Brian Scott is the headset behind the madness, the offensive coordinator for Old Dominion, puppet master for the Football Championship Subdivision’s most prolific attack. Last season, the Monarchs piled up more than 5,100 passing yards and topped 40 points eight times. Quarterback Taylor Heinicke won the Walter Payton Award, the FCS equivalent of the Heisman Trophy and, on one insane day, threw for a Division I-record 730 yards against New Hampshire.
Scott chatted via telephone on Tuesday about this weekend’s matchup against Maryland, one of five Football Bowl Subdivision games Old Dominion plays this year as it transitions up a level. Scott talked about Heinicke, familiar faces on the Terps and facing a defense that knows the spread well.
Seven hundred and thirty? Seriously?
I had no idea what our yardage was during the game. Then we got in, checked the stat sheet, it was like holy cow. I didn’t realize it was that much. But he handles it well. He handles it well with his teammates. Obviously he was the center of attention that week. He doesn’t get full of himself.
Without question he’s the face of the program. Certainly winning the Walter Payton Award solidified that, but even before that. When he broke that Division I record last year, I think that really put him on the map. He was on it before, he had a heck of a true freshman year, but it really put him over the top.
Taylor doesn’t seem like a flashy quarterback, especially not the type his numbers would suggest. How much of his success comes from wearing an opposing defense down through short, high-percentage passes?
He really understands the philosophy of taking the completion. That’s first and foremost. There are times when you look at it and there may be a guy downfield wide open, but he checked down and just keeps the chains moving, which is most important. We want to keep things out on the field, try to wear them down with our tempo and how many plays we run. He really understands the philosophy of the offense.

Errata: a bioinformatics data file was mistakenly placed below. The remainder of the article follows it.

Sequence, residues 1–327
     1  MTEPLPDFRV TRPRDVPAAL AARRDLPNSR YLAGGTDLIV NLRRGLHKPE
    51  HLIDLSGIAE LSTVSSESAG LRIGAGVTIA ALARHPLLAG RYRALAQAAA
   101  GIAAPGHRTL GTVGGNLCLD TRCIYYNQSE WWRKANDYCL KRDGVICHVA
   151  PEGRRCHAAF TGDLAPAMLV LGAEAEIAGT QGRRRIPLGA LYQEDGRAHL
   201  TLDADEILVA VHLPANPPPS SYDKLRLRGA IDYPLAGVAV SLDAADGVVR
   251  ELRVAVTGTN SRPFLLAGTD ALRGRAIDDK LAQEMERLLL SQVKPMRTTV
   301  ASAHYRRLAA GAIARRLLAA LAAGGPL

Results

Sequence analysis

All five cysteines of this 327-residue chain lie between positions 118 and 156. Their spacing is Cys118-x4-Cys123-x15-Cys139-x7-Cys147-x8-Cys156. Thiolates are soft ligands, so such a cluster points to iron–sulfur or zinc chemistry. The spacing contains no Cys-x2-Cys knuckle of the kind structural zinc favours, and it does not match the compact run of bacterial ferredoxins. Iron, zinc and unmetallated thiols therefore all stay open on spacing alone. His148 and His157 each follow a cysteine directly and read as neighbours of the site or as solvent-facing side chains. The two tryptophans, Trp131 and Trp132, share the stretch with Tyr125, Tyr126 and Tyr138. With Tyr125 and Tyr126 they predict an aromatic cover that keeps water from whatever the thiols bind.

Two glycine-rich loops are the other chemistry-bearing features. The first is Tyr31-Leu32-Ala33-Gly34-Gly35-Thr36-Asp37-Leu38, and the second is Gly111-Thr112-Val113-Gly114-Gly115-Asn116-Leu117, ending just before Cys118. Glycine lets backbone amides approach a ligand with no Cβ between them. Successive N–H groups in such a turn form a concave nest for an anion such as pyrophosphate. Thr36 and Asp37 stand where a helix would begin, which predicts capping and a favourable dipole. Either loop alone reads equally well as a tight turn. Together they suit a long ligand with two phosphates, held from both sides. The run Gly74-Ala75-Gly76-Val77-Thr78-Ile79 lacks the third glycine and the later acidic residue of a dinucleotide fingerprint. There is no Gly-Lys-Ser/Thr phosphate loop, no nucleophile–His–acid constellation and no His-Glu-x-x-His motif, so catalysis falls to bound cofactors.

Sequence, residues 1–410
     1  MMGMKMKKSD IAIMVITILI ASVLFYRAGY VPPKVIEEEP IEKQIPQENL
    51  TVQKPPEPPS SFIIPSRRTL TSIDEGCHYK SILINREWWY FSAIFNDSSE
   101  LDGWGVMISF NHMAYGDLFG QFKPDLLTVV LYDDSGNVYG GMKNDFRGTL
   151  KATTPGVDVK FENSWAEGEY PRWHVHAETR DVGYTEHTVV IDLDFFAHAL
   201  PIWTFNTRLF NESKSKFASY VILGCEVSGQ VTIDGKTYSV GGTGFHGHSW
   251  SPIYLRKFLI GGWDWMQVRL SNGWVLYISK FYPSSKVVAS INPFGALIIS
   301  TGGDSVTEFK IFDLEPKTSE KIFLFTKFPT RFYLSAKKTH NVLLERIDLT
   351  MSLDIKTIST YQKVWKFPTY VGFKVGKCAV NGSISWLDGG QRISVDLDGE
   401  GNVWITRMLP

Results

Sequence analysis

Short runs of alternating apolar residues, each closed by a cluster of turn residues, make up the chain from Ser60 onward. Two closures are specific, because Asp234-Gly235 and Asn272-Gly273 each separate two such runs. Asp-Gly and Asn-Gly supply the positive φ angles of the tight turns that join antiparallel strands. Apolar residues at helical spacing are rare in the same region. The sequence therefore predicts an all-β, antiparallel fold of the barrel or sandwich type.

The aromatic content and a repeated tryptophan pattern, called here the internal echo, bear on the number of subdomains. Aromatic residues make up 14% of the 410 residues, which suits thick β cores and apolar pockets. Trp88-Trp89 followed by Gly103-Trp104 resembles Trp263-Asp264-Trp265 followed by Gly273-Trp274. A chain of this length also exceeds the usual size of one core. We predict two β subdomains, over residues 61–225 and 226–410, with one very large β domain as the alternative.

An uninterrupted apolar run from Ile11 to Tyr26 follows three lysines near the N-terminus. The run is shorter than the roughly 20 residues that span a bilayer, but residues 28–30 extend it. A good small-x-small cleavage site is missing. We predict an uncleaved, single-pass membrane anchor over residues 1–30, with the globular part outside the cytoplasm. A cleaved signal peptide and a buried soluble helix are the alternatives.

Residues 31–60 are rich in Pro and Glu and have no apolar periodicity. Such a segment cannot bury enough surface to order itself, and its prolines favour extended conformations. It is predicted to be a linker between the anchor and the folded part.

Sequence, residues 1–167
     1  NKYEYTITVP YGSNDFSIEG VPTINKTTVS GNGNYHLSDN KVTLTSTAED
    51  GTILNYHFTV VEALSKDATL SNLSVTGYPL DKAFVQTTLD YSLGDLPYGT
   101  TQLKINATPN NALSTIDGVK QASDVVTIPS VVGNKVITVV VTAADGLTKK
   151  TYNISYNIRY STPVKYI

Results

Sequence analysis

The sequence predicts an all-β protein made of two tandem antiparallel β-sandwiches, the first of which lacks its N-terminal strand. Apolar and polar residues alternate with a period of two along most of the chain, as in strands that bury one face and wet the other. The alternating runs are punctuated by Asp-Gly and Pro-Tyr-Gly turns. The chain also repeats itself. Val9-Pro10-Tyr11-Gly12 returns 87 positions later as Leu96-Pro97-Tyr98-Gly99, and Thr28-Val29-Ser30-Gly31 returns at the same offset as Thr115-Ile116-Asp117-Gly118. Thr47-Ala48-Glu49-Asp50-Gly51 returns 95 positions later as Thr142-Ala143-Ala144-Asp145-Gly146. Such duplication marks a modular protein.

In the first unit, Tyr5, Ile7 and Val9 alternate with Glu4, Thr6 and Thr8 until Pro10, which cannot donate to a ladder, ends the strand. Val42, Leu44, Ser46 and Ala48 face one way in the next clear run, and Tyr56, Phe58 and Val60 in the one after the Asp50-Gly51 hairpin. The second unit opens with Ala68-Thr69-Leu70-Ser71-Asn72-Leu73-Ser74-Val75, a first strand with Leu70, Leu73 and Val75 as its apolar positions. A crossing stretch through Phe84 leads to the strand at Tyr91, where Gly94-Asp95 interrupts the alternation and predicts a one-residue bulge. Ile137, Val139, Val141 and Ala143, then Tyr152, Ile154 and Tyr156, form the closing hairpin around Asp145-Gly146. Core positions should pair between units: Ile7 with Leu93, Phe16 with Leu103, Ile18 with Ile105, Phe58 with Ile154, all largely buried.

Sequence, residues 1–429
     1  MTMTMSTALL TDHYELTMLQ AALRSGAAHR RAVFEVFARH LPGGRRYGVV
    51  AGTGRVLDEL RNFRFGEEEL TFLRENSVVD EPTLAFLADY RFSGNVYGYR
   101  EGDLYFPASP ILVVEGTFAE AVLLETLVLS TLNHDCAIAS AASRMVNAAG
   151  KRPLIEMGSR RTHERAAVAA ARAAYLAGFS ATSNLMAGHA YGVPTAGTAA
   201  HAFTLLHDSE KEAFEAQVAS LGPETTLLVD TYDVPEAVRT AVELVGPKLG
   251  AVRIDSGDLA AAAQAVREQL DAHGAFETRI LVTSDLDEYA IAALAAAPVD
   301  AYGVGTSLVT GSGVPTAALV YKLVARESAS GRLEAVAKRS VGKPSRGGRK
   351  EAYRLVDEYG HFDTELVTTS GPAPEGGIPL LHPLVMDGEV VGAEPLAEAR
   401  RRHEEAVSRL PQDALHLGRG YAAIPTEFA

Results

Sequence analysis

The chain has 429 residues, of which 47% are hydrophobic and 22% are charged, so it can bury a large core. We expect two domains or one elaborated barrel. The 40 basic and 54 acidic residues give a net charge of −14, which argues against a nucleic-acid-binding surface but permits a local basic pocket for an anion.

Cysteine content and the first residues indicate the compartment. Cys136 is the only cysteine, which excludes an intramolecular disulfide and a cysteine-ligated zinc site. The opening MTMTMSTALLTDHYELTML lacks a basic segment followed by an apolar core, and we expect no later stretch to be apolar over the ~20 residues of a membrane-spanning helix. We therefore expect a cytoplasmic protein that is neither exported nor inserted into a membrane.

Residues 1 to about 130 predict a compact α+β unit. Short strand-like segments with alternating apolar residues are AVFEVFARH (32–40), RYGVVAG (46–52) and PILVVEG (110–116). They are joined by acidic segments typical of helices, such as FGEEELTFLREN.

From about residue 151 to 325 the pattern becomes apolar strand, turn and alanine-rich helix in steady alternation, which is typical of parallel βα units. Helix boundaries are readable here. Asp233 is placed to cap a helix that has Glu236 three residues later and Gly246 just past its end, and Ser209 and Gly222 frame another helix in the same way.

Is it possible to tell when an opposing defense practices against a spread offense every day, like Maryland?
With ECU, their spread offense, they played a lot of spread offensive teams last year, so we kind of knew what they were going to do, and we knew they would handle it well. They see it every day. Certainly when we play teams who don’t see it, it’s kind of a guessing game. But I do think teams that go against it every day in practice handle it a little better.
Taylor called these five FBS games “bowl games.” Because you don’t have a conference championship to play for, is this basically the postseason?
It’s a chance to put our stamp on the season when we play these games. Certainly we’ll be underdogs in the five FBS games we do play, but that’s the challenge of it. It’s really exciting when you get to play a team from the ACC. We play Pitt later on, North Carolina, when you get to play a team like East Carolina in front of 50,000 who’s predicted to be the Conference USA champs, whether you call it a bowl game or a big game, it’s something you really get up for when you’re a new program jumping up to the FBS level.
(Bonus!) How confident does it make you to have a quarterback as diligent in his preparation and as seemingly unflappable as Taylor?
He sets the tone. I always feel like, at that position, that better be the hardest-working player and the best kid on the team as far as work ethic and doing the right things on and off the field. He certainly brings a level of calmness to our offense. We’re not a big rah-rah offense. We don’t celebrate after big plays. We just play the next play. I think it all starts with him. He’s a very down-to-earth, poised individual.
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